The state-controlled publishing could not contain the burgeoning youth culture of Soviet baby boomers, and the minimal – and for that reason infinitely titillating – lifting of the skirt of Soviet censorship, rather than satisfy, only whetted the appetite for free expression. For us, who belonged the post-WWII generation, shaped by Nikita Khrushchev’s Stalinization campaign, cold war, and its other, “peaceful coexistence” (a grudging admission of the impossibility of the “last and decisive battle” against capitalism), this toying with the ideological hemline wreaked havoc with our imagination and set our minds on fire! Grim and sclerotic as the Soviet empire was in its decline, it became a Garden of Eden for poetry – and a purgatory, not to say a minor inferno, for the poets themselves. Some, like Brodsky, were exiled or jailed, others went through torments of hell in trying to combine the imperative of remaining true to their calling with the relentless and crushing pressure to conform. That was the cup that Akhmadulina, twenty and otherworldly beautiful in 1956, drank to the dregs.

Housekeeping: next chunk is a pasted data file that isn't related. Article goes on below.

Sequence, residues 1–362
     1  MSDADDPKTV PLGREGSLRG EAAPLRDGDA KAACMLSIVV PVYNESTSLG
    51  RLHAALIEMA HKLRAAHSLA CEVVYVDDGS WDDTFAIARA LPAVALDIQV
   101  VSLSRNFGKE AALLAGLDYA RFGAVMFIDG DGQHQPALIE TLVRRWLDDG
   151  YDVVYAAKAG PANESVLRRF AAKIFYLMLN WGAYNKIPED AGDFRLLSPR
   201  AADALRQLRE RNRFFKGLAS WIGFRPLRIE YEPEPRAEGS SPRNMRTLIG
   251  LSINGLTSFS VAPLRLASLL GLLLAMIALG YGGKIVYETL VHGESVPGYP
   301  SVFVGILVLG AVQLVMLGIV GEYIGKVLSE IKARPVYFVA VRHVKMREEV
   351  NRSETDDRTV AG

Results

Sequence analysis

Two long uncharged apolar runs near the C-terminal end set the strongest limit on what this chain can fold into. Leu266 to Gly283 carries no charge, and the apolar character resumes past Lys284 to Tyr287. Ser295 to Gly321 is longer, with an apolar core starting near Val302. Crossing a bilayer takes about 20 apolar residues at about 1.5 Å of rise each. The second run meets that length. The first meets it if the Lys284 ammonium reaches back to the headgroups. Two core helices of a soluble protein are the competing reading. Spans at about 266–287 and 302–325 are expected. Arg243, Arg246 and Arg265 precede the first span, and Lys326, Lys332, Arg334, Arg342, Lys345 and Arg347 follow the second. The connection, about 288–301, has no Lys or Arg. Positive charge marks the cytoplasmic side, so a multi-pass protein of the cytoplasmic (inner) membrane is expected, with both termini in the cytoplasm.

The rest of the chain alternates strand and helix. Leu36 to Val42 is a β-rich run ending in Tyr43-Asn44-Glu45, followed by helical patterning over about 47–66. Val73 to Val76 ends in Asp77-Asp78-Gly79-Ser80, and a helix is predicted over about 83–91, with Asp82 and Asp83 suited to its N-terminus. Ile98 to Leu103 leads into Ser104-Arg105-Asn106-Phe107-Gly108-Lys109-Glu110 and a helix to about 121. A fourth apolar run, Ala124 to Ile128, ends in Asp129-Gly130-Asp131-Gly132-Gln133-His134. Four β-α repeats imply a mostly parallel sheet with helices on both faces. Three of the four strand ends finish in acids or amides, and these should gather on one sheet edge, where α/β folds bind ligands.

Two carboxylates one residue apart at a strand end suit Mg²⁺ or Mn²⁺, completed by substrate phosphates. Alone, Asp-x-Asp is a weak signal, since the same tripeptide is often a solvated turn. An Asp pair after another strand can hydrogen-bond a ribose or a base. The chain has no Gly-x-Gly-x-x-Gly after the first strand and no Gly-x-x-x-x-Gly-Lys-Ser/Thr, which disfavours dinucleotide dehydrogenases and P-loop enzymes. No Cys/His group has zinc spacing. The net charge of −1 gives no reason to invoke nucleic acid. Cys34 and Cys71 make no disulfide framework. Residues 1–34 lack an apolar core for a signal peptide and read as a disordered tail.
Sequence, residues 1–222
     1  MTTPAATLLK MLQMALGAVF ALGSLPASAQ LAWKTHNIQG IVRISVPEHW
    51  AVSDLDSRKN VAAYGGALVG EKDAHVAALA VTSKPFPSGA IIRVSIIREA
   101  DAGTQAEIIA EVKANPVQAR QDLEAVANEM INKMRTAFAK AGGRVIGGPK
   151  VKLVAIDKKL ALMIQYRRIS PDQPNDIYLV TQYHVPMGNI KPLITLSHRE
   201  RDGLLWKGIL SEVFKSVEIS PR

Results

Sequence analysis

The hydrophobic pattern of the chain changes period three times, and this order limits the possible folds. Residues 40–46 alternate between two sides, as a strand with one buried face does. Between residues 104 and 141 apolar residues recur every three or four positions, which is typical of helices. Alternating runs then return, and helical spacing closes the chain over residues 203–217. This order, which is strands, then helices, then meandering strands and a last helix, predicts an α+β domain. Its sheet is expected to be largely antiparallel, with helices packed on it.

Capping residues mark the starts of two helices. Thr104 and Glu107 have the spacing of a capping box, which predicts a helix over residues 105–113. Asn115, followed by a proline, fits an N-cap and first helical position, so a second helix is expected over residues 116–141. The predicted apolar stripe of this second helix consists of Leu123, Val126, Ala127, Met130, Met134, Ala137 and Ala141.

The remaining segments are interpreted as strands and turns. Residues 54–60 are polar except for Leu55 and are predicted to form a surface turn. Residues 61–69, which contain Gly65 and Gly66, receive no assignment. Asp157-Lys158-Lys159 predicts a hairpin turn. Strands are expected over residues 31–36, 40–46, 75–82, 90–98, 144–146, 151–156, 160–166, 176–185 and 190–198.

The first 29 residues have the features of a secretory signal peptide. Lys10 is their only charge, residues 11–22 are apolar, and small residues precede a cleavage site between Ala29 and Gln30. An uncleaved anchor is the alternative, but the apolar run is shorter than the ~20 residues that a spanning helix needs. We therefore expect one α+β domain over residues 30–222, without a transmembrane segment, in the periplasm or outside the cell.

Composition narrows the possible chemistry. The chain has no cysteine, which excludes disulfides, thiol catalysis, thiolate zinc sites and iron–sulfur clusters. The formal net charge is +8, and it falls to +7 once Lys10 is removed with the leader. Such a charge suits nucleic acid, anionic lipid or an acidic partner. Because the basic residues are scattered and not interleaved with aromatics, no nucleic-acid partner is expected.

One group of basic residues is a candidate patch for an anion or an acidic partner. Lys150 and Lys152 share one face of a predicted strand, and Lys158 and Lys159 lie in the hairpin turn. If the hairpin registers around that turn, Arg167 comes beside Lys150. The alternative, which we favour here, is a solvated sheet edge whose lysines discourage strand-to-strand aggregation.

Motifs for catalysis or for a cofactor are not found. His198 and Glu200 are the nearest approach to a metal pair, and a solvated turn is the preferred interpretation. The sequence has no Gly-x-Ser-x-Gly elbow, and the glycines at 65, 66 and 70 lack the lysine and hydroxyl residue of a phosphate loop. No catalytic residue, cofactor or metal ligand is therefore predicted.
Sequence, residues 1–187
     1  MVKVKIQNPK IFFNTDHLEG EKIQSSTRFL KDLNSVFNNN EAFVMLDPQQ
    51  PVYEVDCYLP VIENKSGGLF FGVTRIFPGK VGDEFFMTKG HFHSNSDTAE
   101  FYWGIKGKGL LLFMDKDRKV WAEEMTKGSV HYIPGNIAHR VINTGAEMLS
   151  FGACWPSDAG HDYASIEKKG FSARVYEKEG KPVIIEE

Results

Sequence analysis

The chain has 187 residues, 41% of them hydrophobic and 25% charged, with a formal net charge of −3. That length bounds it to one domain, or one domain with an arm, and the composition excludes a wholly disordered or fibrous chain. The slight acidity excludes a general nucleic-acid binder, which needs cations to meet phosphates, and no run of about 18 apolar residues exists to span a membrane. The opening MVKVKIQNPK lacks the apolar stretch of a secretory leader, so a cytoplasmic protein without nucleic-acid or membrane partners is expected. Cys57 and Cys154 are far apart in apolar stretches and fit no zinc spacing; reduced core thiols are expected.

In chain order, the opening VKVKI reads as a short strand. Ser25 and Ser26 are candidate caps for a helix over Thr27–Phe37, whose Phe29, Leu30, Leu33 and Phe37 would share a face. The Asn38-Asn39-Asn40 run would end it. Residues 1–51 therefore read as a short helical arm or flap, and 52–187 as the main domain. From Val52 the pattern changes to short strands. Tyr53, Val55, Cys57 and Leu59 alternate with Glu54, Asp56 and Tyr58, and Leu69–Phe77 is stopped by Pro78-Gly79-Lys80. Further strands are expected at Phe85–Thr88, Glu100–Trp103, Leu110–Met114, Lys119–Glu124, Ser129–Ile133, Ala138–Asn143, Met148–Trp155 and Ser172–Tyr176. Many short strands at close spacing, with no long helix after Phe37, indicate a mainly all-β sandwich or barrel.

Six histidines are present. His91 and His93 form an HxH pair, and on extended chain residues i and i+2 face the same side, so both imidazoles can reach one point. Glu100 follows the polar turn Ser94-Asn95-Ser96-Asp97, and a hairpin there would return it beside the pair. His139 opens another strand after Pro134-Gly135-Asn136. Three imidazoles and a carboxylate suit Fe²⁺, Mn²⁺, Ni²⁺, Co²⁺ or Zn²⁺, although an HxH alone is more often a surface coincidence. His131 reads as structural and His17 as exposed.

In the sixties, I was too green and too much of a young snob to take seriously the poetry of my older contemporaries. Joseph Brodsky was the sole exception, but then, he never published in Soviet press, had gone through a crucible of a trial, incarceration in a mental hospital, and exile up north. Besides, the word had it that Anna Akhmatova herself bestowed the mantle of the Silver Age Heir Apparent on Brodsky’s shoulders. She knew a thing or two about legends, and remarked with her usual sardonic sense of humor about Brodsly’s persecutors: “Oh what a biography they are creating for Joseph!”

Akhmadulina, suffer as she did, could not come close: her poetry was permitted and not, pace Osip Mandelstam bequest, "stolen air." True, she had a front seat in “the little orchestra of Hope, conducted by Love,” as the chansonier Bulat Okudzhava described the true poets of his generation (they may have lost faith but still could love and hope). But for me and my Bohemian milieu, the world of poetry was dominated, not by orchestras, not even the much admired chamber orchestras (Rudolf Barshai and Adrei Volkonsky) but by the great solo players of the Silver Age. Tsveateva, Mandelstam, Akhmatova, Pasternak, Mayakovsky (grudgingly), each had an oversize and fulfilled destiny and each was wrapped in a personal myth capable of enchanting their “grandchildren’s” generation. And that is who we were. Just think, we used to joke, Akhmadulina shared only two syllables with the regal Anna Akhmatova. Two syllables did not cut it.